CFFC: Katy in Katy

(Arrrgh! I missed “J”!) 

In June of 2013, Dale and I took a road trip down to Texas. We spent a week in Austin visiting friends before heading to San Antonio and then to Houston. On the way to Houston, we came upon Katy, a town named for a railroad line. Of course, we HAD to stop there, just to see my name in big letters, even spelled the way I do!


Old train station and museum

Katy (me) in Katy – the railroad depot

A historical marker tells about this historic railroad.




Keep Katy Beautiful! But I already am, darling!!

I’m ALWAYS beautiful – haha!



My name was everywhere in this town, even on magazine covers!

The Katy Railroad station has a little museum in it. Here I am standing next to a magazine rack, my name printed on the cover of all of the magazines!

Cee’s Fun Foto Challenge: The Letter K




FOTD: Gaillardia

I love these bright little flowers, captured by my camera on Oct. 25! Gaillardia can be red, bronze or yellow, often with the edges of the petals in a contrasting color. Their centers are roundish, almost strawberry-like. They love the heat of the summer and do best in full sun with moderate water. I’d like to plant some in my garden! Perhaps next year…


Cee’s Flower of the Day, 10/31/17

HOHO Halifax, Part 3 – The Citadel

October 2, 2017 (continued)

Our next stop was the Halifax Citadel, a fort on a hill with many things to see.

We went up to the ramparts and looked at cannons. A kilted guide spoke for a long time to a tour group. We descended a ramp where another guide in a kilt demonstrated how we primed and prepared his musket.

SONY DSCThe Citadel sits on a large hill overlooking the easily-defended harbor, which was what led the British military to found the town of Halifax there in 1749. One of the first buildings constructed was a wooden guardhouse on Citadel Hill, and Halifax’s first settlers built their homes at the base of the hill, close to the shore. As the fort grew, so did the town, which catered to the businesses of supplying the soldiers with essentials as well as off-duty entertainment.


The Citadel one can visit today was completed in 1856 and its official name is Fort George, named after Britain’s King George II. This is actually the fourth fort built on Citadel Hill. It is built in the shape of a star which was typical of many 19th century forts.  This shape provided a wider range to shoot from in case of attack.  In fact, the Citadel was never attacked. SONY DSC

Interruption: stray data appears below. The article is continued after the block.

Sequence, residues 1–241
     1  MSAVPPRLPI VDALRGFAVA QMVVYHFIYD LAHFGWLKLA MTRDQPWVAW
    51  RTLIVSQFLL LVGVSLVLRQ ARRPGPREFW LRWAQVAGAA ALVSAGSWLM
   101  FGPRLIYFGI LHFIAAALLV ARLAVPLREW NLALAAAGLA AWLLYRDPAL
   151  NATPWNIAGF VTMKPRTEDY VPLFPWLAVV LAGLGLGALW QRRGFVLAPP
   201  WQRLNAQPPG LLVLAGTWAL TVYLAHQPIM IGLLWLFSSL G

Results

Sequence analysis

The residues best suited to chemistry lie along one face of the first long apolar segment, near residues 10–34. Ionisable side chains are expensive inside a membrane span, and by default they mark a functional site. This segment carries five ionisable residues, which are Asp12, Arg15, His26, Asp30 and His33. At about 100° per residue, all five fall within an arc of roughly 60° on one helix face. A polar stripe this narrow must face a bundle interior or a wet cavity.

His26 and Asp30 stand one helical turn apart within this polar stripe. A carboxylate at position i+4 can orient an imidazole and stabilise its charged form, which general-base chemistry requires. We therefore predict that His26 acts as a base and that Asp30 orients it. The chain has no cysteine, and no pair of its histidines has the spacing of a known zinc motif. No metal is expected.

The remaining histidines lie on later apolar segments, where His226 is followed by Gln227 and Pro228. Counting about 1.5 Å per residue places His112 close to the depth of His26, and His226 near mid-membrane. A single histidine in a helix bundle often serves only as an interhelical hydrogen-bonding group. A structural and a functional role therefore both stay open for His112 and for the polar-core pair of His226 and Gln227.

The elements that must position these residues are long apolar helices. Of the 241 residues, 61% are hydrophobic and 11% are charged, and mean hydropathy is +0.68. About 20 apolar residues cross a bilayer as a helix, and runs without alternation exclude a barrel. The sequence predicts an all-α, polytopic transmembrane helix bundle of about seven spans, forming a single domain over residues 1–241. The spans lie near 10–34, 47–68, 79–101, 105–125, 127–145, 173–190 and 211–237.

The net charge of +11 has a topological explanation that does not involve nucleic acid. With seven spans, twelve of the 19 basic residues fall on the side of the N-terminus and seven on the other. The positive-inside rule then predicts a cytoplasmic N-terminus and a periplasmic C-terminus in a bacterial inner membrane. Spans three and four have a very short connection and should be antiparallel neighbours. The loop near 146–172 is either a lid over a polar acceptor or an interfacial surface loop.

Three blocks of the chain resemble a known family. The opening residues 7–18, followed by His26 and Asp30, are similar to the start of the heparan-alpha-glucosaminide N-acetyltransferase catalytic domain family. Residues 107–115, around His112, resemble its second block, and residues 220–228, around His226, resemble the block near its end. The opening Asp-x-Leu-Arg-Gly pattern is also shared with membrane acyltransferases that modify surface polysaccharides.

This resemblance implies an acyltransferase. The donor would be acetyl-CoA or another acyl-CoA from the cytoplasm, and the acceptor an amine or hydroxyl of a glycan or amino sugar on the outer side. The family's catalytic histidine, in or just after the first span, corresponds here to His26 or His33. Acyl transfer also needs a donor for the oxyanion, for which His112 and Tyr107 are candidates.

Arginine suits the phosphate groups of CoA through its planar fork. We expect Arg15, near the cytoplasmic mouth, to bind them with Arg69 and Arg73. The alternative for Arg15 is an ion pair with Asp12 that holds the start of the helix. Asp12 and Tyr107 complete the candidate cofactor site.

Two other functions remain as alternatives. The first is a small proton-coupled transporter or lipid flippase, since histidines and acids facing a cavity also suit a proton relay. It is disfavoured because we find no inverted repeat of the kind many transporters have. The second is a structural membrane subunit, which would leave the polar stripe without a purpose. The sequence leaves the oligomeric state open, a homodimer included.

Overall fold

The Citadel National Historic Site contains several things to see: the ramparts with their cannons, the Army Museum, the changing of the sentry guard (every hour that the site is open), reenactment by interpreters in full 78th Highlander uniforms, and one can become a “soldier for the day”, including: getting dressed in a full 78th Highlanders’ uniform –  a cotton shirt, wool kilt, sporran, red wool Highland “doublet,” wool socks, boots, spats, and a Glengarry bonnet bearing the brass badge of the 78th Highlanders. During the three hour program, one can learn to drill, fire a rifle (or, for those under 16, play the British Army’s field drum) and learn the ins and outs of a soldier’s life in Her Majesty’s army! (Pre-booking required; program fee and details available online.) (See Halifax Citadel National Historic Site within website for more information about the Citadel.)


You can dress like a bona fide Highlander in the program Soldier for a Day.


In the gift shop, I found only one style of hooded sweatshirt – not my favorite design, but I was desperate. I bought it along with a few other Scotland-related souvenirs. Dale told me the changing of the guard was about to happen, but by the time I finished the transaction and went outside, it was over! I went to the restroom where I put on the sweatshirt under my fleece jacket. After that, I was comfortable, but could still feel the cold.


Gift shop Mackenzie tartans!

We did not participate in the Soldier for a Day program and only had a quick look at the Army Museum. By far the most interesting thing, to me, was the trench warfare installation. I knew this was a grueling and commonly used type of warfare during WWI but really didn’t have a clear picture of how it looked and worked. We entered as small room where anther kilted guide explained the layout of the trenches in one area of France. There was a diorama of trenches zigzagging across the landscape, which I had never conceptualized before. When the guide moved over to a wall covered with battle maps, I went to have a closer look at the diorama.